John Hancock currency fund sheds 8.7pc
SINGAPORE: The market turmoil sparked by the Swiss franc's record surge has turned the $1.9 billion John Hancock Absolute Return Currency Fund into the biggest loser among U.S. peers.
The fund tumbled 8.7 percent yesterday, the steepest drop on record and the most among more than 2,000 U.S.domiciled funds tracked by Bloomberg with at least $1 billion under management. The strategy is run by First Quadrant, a $19 billion investment firm that also manages hedge funds. The fund had its second-biggest short position in the franc at the end of November, according to the latest fact sheet on John Hancock's website.
Switzerland's currency surged as much as 41 percent against the euro yesterday, roiling markets worldwide after the Swiss National Bank's surprise decision to abandon the franc's cap against the euro. FXCM Inc., the largest U.S. retail foreign-exchange brokerage, said client losses on the swings threatened its compliance with capital ratios while a New Zealand-based dealer went out of business.
"When they pulled the rug under the market, the Swiss franc rallied against everything," said Chris Weston, chief market strategist at IG Markets Ltd. in Melbourne. Many funds "would have been in a lot of pain last night," Weston said. The John Hancock fund is run by Dori Levanoni and Jeppe Ladekarl, partners at Pasadena, California-based First Quadrant. Ladekarl declined to comment. Yesterday's drop brought the fund's loss during the past 12 months to about 6 percent, according to data compiled by Bloomberg. The fund was also betting on the Japanese Yen and the U.S. Dollar, according to the fact sheet.
First Quadrant was started in 1988. The firm, which is owned by Affiliated Managers Group Inc. in Beverly, Massachusetts, oversees funds that invest based on macroeconomic themes, across currencies and commodities.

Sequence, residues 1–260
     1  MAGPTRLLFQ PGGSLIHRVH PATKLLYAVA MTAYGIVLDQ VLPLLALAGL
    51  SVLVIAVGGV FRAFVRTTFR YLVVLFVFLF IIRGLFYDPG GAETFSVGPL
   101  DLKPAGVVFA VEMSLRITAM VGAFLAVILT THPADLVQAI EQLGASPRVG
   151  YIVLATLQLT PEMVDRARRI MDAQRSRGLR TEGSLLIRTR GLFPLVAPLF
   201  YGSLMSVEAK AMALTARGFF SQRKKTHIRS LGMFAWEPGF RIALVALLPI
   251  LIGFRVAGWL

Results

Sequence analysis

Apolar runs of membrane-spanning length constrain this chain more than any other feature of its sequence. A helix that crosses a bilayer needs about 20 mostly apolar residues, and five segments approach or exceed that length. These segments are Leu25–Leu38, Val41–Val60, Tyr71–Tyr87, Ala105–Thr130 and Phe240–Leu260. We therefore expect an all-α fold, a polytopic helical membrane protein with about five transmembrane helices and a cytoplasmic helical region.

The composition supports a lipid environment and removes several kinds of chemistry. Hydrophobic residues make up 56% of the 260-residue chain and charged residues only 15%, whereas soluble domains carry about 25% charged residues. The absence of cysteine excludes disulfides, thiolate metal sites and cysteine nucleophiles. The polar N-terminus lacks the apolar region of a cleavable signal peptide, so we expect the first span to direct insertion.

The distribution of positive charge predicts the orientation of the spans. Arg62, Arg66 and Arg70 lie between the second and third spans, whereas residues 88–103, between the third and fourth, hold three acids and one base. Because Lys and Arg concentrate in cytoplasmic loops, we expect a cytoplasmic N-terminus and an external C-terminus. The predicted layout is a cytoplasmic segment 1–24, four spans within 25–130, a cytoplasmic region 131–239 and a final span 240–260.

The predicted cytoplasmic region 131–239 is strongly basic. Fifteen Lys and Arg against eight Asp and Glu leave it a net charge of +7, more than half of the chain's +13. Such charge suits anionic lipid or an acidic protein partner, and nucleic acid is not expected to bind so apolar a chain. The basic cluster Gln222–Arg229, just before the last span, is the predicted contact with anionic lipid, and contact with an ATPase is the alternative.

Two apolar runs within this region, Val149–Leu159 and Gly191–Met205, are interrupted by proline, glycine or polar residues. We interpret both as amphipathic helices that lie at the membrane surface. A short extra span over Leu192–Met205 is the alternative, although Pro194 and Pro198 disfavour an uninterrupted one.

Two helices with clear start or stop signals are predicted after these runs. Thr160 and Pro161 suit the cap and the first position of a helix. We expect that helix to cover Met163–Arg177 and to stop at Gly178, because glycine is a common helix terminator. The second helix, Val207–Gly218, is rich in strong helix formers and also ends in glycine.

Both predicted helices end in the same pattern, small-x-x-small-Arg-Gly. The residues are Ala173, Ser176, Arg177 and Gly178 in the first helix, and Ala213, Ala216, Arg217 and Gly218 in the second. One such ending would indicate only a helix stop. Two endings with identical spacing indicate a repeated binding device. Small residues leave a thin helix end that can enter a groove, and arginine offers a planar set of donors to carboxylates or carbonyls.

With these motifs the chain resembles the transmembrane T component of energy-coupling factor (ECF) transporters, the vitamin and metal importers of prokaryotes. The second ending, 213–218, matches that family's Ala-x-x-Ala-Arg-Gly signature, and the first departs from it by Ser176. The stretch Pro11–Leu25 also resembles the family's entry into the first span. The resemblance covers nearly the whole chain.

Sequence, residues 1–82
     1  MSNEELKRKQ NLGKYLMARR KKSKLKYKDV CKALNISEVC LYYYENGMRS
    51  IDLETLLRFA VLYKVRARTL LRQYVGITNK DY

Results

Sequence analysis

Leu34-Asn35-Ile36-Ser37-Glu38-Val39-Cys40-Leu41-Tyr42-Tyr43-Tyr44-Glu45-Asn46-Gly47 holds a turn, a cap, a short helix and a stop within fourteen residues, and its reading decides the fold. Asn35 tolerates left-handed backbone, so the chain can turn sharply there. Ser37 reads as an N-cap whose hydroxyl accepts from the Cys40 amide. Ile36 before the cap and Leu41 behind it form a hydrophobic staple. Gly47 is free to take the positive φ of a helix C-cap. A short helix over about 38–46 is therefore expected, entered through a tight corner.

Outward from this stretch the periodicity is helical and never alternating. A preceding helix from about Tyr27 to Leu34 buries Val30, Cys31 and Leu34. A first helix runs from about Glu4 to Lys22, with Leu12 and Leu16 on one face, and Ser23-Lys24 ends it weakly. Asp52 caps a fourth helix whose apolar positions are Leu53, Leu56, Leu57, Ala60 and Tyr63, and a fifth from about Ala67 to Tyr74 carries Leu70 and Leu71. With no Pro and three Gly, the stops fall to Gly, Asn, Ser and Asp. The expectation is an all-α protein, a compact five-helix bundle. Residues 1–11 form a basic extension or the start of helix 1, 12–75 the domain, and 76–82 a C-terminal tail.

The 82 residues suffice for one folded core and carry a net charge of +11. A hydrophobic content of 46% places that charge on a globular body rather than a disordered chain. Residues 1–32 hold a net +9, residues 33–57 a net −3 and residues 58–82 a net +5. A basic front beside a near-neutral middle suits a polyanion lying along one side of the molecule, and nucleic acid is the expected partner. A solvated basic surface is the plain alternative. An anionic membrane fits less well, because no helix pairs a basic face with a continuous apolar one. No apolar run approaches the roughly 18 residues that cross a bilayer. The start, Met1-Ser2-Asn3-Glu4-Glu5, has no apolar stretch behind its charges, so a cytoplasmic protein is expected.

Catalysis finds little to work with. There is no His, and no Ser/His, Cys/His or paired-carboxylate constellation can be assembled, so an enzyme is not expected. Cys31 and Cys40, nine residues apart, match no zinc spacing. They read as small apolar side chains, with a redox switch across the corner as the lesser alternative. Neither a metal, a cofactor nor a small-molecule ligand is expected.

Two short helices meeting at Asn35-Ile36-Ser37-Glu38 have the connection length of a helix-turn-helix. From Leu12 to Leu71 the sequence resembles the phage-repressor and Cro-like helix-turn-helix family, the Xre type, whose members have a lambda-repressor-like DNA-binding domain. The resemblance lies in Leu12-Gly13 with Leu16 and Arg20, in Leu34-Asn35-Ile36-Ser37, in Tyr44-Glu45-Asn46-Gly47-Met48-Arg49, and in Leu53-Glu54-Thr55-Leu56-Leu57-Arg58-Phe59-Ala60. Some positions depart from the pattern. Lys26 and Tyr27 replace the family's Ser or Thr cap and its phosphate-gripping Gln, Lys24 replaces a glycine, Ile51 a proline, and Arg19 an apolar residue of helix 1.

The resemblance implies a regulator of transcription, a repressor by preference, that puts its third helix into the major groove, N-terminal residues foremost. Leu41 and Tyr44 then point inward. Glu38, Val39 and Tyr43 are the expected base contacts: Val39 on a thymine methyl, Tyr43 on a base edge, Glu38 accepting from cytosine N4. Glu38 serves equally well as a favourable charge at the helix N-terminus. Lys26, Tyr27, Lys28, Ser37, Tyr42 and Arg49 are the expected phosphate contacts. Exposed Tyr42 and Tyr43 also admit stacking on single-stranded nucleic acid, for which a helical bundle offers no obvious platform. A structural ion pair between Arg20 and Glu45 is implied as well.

Losses weren't restricted to the John Hancock Fund. The $50 million AMG FQ Global Alternatives Fund lost 8.3 percent yesterday and 6.1 percent this month, according to data compiled by Bloomberg. Bets against the swiss franc were among the fund's largest currency holdings at the end of September, according to a fund document.
In a fund commentary at the end of the third quarter, the managers said they anticipated price swings.
"We expect that macroeconomic and geopolitical challenges will generate more movements in exchange rates and asset prices." The SNB ended its three-year policy of capping the franc at 1.20 per euro a week before the European Central Bank meets to discuss government bond purchases to boost the euro-area economy. Such a policy, known as quantitative easing, could spur pressure on the franc to appreciate against the euro.
The SNB spent billions defending the currency cap after introducing it in September 2011.
Hedge funds and other large speculators raised bets that the dollar will rise versus the franc to the most in more than 1 1/2 years on Jan. 6, data from the U.S. Commodity Futures Trading Commission show. Wagers that benefit from dollar gains versus the Swiss currency exceeded those that profit from a decline by 24,171 contracts on Jan. 6, the biggest net long position since June 4, 2013.
Swissquote Group Holdings SA set aside 25 million francs ($28.5 million) following losses from the Swiss currency shock. "Many clients were following the confirmed longstanding strategy from the SNB and were anticipating a weakening of the Swiss franc against the euro," Swissquote said in its statement.
The drop "left the clients with a negative balance and has prompted the bank to activate a provision of 25 million francs."